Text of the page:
Review by Linda Lappin
September 2023 marks a solemn occasion in Italy, the 80th anniversary of the beginning of the Nazi Occupation which devastated Tuscany from September 1943 until the liberation in 1945. Not many are alive today who directly witnessed those events as adults; even fewer can recall from personal experience what life was like in Tuscany before the war. Still, the remembrance of tough times past lives on in historical archives and photos, and in the stories, mementos, and daily wisdom transmitted by the survivors to those who came after.
If medieval monks can be credited with saving classical culture from the dark ages, we are beholden to a different group of people for safeguarding Italian values during the cataclysm of World War Two and the subsequent period of reconstruction: the Italian contadino–a word often translated into English as “peasant.” What the contadini passed on to the younger generation was resilience, resourcefulness, parsimoniousness, and respect for the land, an attitude refined over centuries: how to make it through the worst of times, whatever the circumstances. Much of that concerned the most basic human need: feeding yourself and your family when there is almost nothing to be had: the art of la cucina povera.
In her new cookbook, Cucina Povera: The Italian Way of Transforming Humble Ingredients into Memorable Meals, Tuscan native, homemaker, and award-winning food blogger, Giulia Scarpaleggia introduces “Italian peasant food” to an American and British audience. The recipes she has collected from up and down the boot of Italy and its major islands reflect the core of her career: a search for traditional dishes which are delicious, budget-friendly, nutritious, and above all authentic, rooted in kilometer zero food products and flavors. Drawn from rural, urban, and coastal contexts, the recipes she presents in this book, illustrated with exquisite photographs by her husband, Tommaso Galli, are the Italian equivalent of “soul food” or “comfort food”–passed down through generations, keeping families together and alive.
The author shows us how la cucina povera is more than a style of cooking or an economical approach to household management: It is a philosophy of life. L’arte di arrangiarsi—making do. Relying on ingredients which are inexpensive, seasonal, homegrown, foraged, or easily available at most corner grocery stores, she teaches her readers to recreate hearty, satisfying Italian meals in their own kitchens, using legumes, vegetables, dairy products, poultry, seafood, and cheap cuts of meat, basic equipment and simple techniques. To that end, the opening chapter “The Italian Pantry,” offers a detailed discussion of the basic items every home cook should keep on hand in their pantry at all times.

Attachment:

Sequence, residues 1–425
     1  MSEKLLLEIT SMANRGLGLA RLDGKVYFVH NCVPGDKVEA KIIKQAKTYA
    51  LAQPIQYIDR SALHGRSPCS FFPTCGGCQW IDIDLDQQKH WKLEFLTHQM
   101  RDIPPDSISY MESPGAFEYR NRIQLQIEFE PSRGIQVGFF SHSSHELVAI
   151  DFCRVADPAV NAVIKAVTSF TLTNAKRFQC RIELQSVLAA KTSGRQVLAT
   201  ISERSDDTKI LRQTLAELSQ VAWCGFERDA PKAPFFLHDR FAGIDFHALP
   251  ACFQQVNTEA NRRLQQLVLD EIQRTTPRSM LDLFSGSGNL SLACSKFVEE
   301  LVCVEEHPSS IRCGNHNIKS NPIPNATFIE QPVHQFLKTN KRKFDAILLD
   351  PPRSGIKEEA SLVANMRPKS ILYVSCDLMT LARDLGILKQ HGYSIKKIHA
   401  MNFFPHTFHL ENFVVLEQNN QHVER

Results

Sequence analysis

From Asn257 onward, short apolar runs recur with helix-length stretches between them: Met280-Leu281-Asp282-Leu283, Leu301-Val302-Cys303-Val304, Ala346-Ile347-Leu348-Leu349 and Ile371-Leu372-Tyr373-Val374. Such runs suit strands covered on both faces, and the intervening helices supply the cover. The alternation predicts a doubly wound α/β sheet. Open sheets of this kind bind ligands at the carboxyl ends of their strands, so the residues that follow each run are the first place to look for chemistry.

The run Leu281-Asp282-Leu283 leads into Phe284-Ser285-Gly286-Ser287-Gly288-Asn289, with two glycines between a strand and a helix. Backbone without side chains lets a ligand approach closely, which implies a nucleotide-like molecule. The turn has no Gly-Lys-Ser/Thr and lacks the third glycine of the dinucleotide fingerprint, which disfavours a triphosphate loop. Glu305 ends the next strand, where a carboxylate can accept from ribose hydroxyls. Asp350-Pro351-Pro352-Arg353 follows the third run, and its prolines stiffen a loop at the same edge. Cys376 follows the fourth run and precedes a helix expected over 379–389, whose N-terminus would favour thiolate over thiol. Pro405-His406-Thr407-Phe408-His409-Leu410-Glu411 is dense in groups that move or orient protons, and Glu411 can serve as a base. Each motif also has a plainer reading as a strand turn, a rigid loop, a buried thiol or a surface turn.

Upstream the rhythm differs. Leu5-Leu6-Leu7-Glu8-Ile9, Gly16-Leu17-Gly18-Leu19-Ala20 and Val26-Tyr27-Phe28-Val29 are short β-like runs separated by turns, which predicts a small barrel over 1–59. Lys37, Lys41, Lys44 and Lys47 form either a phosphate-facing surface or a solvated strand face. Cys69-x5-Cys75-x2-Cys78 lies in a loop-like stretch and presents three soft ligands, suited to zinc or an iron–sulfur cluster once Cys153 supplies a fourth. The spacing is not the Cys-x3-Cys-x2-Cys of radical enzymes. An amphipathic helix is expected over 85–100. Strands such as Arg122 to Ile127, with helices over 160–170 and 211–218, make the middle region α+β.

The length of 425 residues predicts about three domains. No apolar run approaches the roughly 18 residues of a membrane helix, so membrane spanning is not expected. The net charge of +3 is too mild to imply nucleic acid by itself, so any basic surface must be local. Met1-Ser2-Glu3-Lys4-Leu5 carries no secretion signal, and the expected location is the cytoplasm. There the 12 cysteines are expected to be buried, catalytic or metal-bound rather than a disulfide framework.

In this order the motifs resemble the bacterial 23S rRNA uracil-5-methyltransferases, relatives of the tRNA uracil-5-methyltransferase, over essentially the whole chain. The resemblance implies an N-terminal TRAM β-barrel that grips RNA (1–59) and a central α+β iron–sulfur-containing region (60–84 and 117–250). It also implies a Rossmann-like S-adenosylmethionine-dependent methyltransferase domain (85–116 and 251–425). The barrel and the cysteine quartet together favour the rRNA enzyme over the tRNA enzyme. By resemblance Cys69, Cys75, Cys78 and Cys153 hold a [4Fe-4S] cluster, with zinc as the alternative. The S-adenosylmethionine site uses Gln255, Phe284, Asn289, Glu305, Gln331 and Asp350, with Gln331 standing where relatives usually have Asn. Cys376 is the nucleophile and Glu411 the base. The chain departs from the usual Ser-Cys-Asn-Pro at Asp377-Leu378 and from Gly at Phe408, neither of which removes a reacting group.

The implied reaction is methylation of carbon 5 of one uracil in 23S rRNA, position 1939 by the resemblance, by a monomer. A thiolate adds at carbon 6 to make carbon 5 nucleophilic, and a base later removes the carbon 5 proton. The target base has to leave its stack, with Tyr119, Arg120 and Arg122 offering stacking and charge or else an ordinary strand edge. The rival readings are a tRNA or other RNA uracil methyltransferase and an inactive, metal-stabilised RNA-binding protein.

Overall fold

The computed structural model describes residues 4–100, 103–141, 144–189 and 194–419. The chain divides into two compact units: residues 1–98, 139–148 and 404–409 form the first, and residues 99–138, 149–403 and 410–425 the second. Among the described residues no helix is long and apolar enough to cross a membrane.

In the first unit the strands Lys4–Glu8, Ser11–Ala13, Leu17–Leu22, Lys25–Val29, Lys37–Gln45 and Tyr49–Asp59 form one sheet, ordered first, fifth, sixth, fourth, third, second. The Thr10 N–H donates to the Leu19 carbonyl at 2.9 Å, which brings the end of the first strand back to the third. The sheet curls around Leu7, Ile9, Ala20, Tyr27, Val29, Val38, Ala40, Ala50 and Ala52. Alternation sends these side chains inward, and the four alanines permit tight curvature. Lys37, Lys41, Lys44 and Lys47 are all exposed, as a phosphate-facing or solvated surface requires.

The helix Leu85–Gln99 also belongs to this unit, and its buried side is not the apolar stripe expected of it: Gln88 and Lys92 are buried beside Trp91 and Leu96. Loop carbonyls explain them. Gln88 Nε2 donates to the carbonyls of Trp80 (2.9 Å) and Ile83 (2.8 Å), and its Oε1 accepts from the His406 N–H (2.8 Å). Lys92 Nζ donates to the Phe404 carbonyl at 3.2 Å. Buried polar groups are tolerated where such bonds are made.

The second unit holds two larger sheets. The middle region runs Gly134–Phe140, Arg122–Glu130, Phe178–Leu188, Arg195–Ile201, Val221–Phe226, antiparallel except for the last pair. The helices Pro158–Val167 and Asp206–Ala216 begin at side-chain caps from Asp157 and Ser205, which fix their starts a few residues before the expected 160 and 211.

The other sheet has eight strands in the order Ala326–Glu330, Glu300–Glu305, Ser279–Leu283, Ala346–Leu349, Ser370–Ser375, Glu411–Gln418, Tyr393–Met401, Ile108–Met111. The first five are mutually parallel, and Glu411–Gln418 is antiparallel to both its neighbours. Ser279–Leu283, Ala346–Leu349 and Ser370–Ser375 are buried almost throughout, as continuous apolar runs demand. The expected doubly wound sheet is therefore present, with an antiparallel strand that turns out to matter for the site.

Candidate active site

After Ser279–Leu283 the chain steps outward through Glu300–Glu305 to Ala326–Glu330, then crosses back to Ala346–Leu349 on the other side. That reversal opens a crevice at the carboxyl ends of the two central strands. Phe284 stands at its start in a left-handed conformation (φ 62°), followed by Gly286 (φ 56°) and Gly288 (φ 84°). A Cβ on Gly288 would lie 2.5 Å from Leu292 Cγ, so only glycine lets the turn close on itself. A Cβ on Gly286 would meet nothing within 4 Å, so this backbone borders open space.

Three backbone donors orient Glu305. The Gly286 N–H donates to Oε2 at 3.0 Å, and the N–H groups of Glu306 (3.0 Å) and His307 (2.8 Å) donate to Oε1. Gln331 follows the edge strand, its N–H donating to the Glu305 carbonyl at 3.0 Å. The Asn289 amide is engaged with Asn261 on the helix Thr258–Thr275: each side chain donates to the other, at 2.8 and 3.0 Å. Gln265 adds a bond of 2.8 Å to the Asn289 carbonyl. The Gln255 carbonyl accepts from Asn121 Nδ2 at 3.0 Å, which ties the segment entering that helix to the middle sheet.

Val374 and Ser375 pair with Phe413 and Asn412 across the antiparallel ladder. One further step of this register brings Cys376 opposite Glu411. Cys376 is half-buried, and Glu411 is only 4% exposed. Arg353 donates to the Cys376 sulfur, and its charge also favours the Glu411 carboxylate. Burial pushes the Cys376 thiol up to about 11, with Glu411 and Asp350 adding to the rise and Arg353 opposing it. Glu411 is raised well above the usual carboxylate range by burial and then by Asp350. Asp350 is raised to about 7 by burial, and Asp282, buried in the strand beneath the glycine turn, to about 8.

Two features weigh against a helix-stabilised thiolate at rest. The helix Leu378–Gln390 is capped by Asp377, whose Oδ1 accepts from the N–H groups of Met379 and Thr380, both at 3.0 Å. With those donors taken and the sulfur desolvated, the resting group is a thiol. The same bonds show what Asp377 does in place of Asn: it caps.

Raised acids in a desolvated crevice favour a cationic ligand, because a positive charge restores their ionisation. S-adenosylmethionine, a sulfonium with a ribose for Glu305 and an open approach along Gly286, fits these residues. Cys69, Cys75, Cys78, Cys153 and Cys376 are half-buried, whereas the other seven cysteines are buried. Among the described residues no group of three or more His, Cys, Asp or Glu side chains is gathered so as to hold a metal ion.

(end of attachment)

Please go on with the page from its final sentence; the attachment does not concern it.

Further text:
Budget-conscious cooks will appreciate the chapter dedicated to the Italian art of turning leftovers into fresh, delightful new dishes: day-old bread becomes scrumptious dumplings or tomato-tangy panzanella; leftover spaghetti becomes a crispy, cheesy frittata; leftover rice–irresistible, golden-fried, arancini. For the more adventurous, there are recipes for a variety of handmade tortelli to fill with wild greens or beets, and a tempting array of luscious desserts. The concluding chapter returns to basics: how to make bread, sauces, and stock. Scattered through the book are tips on freezing vegetables for minestrone, cleaning artichokes, enriching the flavor of soups and stocks with pecorino and parmesan rinds.
Cookbooks reveal as much about the author’s personality as about food. Giulia Scarpaleggia acquaints us with her family, her grandmother, Marcella, who taught her how to cook, her home in the charming Tuscan village of Colle Val D’Elsa, where she now runs a successful cooking school. She also provides fascinating details of her own research into the origins of recipes, the history of food production in Italy, local markets, and the science of cooking. This is a book for readers seeking a hands-on approach to Italian food and with Tommaso Galli’s stunning (and mouthwatering) photographs, a coveted gift for foodies to dream over. But it’s also much more than that.
Born of scarcity and hardship, la cucina povera privileges a regime of sustainability and an almost sacred sense of no waste allowed. These are values to cherish nowadays as families struggle with escalating food prices due to climate change, war, supply chain issues, inflation, issues currently affecting both Italians and Americans, as well as people all over the globe. Citing chef Massimo Bottura, Giulia Scarpeleggia reminds us, “To feed the planet, first you have to fight the waste.”
The English term “peasant” derives from the French “paysan,” which in turn comes from the Latin “pagensis” a person belonging to a rural district. In Italian, “contadino” comes from “contado” an outlying territory under a count’s jurisdiction. In other words: a person connected to a specific place. The contadini possessed a knowledge of their territory assembled from observations accrued over centuries in an unbroken connection of a people to their environment. The rich heritage of the contadini is deposited in Italian culture in countless ways, in its craftsmanship, building and planting methods, farming and forestry techniques, home economics, and of course: cooking techniques and recipes. All are based on an attitude, an approach diametrically opposed to the consumerism of our times: If you take good care of the land, it will take good care of you.
Cucina Povera, The Italian Way of Transforming Humble Ingredients into Memorable Meals, a treasure house of delicious wisdom from Italy’s rural past, is a book for today and also for the future.